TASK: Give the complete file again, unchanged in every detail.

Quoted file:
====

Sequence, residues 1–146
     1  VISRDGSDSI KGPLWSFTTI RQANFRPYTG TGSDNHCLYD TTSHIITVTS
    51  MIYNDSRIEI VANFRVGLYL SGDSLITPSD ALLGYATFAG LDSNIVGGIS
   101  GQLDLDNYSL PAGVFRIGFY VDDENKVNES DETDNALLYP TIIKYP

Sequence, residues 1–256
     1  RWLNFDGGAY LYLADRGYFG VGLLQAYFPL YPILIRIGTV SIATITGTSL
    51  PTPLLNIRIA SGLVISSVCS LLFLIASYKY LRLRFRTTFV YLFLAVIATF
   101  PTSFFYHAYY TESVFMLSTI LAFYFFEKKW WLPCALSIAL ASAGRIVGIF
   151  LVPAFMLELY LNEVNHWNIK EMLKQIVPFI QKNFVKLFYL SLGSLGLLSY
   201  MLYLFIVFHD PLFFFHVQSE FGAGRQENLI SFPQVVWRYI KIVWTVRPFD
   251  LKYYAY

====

Sequence, residues 1–146
     1  VISRDGSDSI KGPLWSFTTI RQANFRPYTG TGSDNHCLYD TTSHIITVTS
    51  MIYNDSRIEI VANFRVGLYL SGDSLITPSD ALLGYATFAG LDSNIVGGIS
   101  GQLDLDNYSL PAGVFRIGFY VDDENKVNES DETDNALLYP TIIKYP

Sequence, residues 1–256
     1  RWLNFDGGAY LYLADRGYFG VGLLQAYFPL YPILIRIGTV SIATITGTSL
    51  PTPLLNIRIA SGLVISSVCS LLFLIASYKY LRLRFRTTFV YLFLAVIATF
   101  PTSFFYHAYY TESVFMLSTI LAFYFFEKKW WLPCALSIAL ASAGRIVGIF
   151  LVPAFMLELY LNEVNHWNIK EMLKQIVPFI QKNFVKLFYL SLGSLGLLSY
   201  MLYLFIVFHD PLFFFHVQSE FGAGRQENLI SFPQVVWRYI KIVWTVRPFD
   251  LKYYAY